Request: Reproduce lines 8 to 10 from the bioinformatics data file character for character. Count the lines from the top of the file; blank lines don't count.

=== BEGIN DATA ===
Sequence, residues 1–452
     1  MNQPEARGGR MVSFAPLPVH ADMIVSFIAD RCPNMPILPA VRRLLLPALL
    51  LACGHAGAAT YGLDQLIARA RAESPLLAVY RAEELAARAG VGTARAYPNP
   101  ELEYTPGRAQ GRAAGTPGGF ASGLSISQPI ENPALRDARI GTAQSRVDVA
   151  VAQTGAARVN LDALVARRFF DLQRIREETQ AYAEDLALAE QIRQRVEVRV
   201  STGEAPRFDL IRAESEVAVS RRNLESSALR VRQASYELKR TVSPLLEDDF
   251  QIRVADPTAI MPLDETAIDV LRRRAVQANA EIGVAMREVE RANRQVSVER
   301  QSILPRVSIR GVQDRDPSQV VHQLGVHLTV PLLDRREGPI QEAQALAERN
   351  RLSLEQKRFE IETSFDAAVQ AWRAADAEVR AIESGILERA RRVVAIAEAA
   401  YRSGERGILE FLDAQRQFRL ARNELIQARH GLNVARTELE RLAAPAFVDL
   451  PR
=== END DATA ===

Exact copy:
   301  QSILPRVSIR GVQDRDPSQV VHQLGVHLTV PLLDRREGPI QEAQALAERN
   351  RLSLEQKRFE IETSFDAAVQ AWRAADAEVR AIESGILERA RRVVAIAEAA
   401  YRSGERGILE FLDAQRQFRL ARNELIQARH GLNVARTELE RLAAPAFVDL